Kane and his team developed a specialized stamping technique that can be used to quickly understand how different genetic sequences affect stem cell development. The stamp is covered with thousands of mircoscale prongs, similar to the surface of a LEGOฎ. Those prongs imprint the surface of the corresponding slide, creating a microarray platform with thousands of individual cell-adhesive divots -- the perfect mircoscale Petri dishes. The master stamp can create thousands of stamped surfaces without the needs for a clean room or sophisticated machinery.

To develop the stem cell mixture added to the stamped surface, the researchers first created a stem cell library. Each stem cell within this library would overexpress a different genetic sequence. Cells from the library are then dropped onto the micropatterned surface, such that each divot contains only one type of cell. Those seeded populations then divide to form individual clonal populations of cells. A stamped surface the size of a microscope slide can contain 3,500 clonal cell populations.

These populations can then be screened at the same time for researchers to determine which cells exhibit a desired behavior (i.e. the development of healthy neural cells). The researcher then immediately knows what DNA sequence is responsible for the observed behavior.

To exhibit the effectiveness of their technology, Kane and his group screened clonal populations of rat neural stem cells to identify a sequence that promoted neural stem cell proliferation.

Their research will be published in upcoming edition of the journal Stem Cells.

Dordick and Fernandez were assisted in their research by Seok Joon Kwon, Moo-Yeal Lee, Maria M. Diogo, and Claudia Lobata de Silva. Kane and Ashton were assisted by Joseph Peltier, Analeah O'Neill, Joshua Leonard, and David Schaffer of the University of California at Berkley and Christopher Fasano and Sally Temple of Albany Medical College.


Story Source:

The above story is based on materials provided by Rensselaer Polytechnic Institute. Note: Materials may be edited for content and length.


Cite This Page:

Rensselaer Polytechnic Institute. "Putting Stem Cell Research On The Fast Track." ScienceDaily. ScienceDaily, 21 September 2007. <www.sciencedaily.com/releases/2007/09/070912102212.htm>.
Rensselaer Polytechnic Institute. (2007, September 21). Putting Stem Cell Research On The Fast Track. ScienceDaily. Retrieved September 23, 2014 from www.sciencedaily.com/releases/2007/09/070912102212.htm
Rensselaer Polytechnic Institute. "Putting Stem Cell Research On The Fast Track." ScienceDaily. www.sciencedaily.com/releases/2007/09/070912102212.htm (accessed September 23, 2014).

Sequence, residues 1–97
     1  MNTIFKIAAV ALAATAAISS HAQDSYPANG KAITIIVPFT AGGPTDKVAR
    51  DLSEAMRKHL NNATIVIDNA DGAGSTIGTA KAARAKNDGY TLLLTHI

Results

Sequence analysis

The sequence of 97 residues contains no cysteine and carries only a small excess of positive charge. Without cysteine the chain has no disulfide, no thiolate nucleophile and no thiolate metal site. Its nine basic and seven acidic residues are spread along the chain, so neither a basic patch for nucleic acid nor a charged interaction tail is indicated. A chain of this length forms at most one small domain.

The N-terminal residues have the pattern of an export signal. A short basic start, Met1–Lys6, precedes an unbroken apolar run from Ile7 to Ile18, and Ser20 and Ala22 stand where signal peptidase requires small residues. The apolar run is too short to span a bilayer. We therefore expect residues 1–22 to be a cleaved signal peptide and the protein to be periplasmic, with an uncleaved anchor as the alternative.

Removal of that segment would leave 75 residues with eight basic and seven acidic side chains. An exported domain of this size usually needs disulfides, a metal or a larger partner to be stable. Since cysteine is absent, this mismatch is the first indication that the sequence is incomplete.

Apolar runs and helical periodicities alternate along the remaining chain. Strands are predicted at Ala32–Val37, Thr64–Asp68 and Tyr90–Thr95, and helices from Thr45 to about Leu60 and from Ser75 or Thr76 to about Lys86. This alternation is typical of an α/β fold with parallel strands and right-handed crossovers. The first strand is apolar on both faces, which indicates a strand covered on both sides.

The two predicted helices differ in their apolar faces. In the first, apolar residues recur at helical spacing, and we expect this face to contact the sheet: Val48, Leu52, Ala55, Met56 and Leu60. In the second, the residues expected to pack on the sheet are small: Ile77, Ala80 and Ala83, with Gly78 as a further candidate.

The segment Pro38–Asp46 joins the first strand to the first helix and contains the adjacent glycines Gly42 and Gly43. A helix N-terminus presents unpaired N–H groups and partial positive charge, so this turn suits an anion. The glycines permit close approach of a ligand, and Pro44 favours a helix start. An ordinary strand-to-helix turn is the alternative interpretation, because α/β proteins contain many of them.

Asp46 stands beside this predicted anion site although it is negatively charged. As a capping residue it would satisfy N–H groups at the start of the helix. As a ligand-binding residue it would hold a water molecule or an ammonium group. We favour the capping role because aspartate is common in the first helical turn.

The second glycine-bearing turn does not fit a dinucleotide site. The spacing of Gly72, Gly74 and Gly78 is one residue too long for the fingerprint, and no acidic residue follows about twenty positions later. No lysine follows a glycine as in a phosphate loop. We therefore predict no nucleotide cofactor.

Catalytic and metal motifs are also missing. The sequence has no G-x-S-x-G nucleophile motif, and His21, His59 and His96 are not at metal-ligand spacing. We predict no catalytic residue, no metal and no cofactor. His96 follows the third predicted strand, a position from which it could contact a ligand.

Share This



More Health & Medicine News

Tuesday, September 23, 2014

Featured Research

from universities, journals, and other organizations


Featured Videos

from AP, Reuters, AFP, and other news services

Liberia Pleads for Help to Fight Ebola

Liberia Pleads for Help to Fight Ebola

AP (Sep. 22, 2014) — Liberia's finance minister is urging the international community to quickly follow through on pledges of cash to battle Ebola. Bodies are piling up in the capital Monrovia as the nation awaits more help. (Sept. 22) Video provided by AP
Powered by NewsLook.com
Ebola Doctor Says Border Controls Critical

Ebola Doctor Says Border Controls Critical

AP (Sep. 22, 2014) — A Florida doctor who helped fight the expanding Ebola outbreak in West Africa says the disease can be stopped, but only if nations quickly step up their response and make border control a priority. (Sept. 22) Video provided by AP
Powered by NewsLook.com
Global Ebola Aid Increasing But Critics Say It's Late

Global Ebola Aid Increasing But Critics Say It's Late

Newsy (Sep. 21, 2014) — More than 100 tons of medical supplies were sent to West Africa on Saturday, but aid workers say the global response is still sluggish. Video provided by Newsy
Powered by NewsLook.com
Sierra Leone in Lockdown to Control Ebola

Sierra Leone in Lockdown to Control Ebola

AP (Sep. 21, 2014) — Sierra Leone residents remained in lockdown on Saturday as part of a massive effort to confine millions of people to their homes in a bid to stem the biggest Ebola outbreak in history. (Sept. 20) Video provided by AP
Powered by NewsLook.com

Search ScienceDaily

Number of stories in archives: 140,361

Find with keyword(s):
 
Enter a keyword or phrase to search ScienceDaily for related topics and research stories.

Save/Print:
Share:  

Breaking News:

Strange & Offbeat Stories

 

Health & Medicine

Mind & Brain

Living & Well

In Other News

... from NewsDaily.com

Science News

Health News

Environment News

Technology News



Save/Print:
Share:  

Free Subscriptions


Get the latest science news with ScienceDaily's free email newsletters, updated daily and weekly. Or view hourly updated newsfeeds in your RSS reader:

Get Social & Mobile


Keep up to date with the latest news from ScienceDaily via social networks and mobile apps:

Have Feedback?


Tell us what you think of ScienceDaily -- we welcome both positive and negative comments. Have any problems using the site? Questions?
Mobile iPhone Android Web
Follow Facebook Twitter Google+
Subscribe RSS Feeds Email Newsletters
Latest Headlines Health & Medicine Mind & Brain Space & Time Matter & Energy Computers & Math Plants & Animals Earth & Climate Fossils & Ruins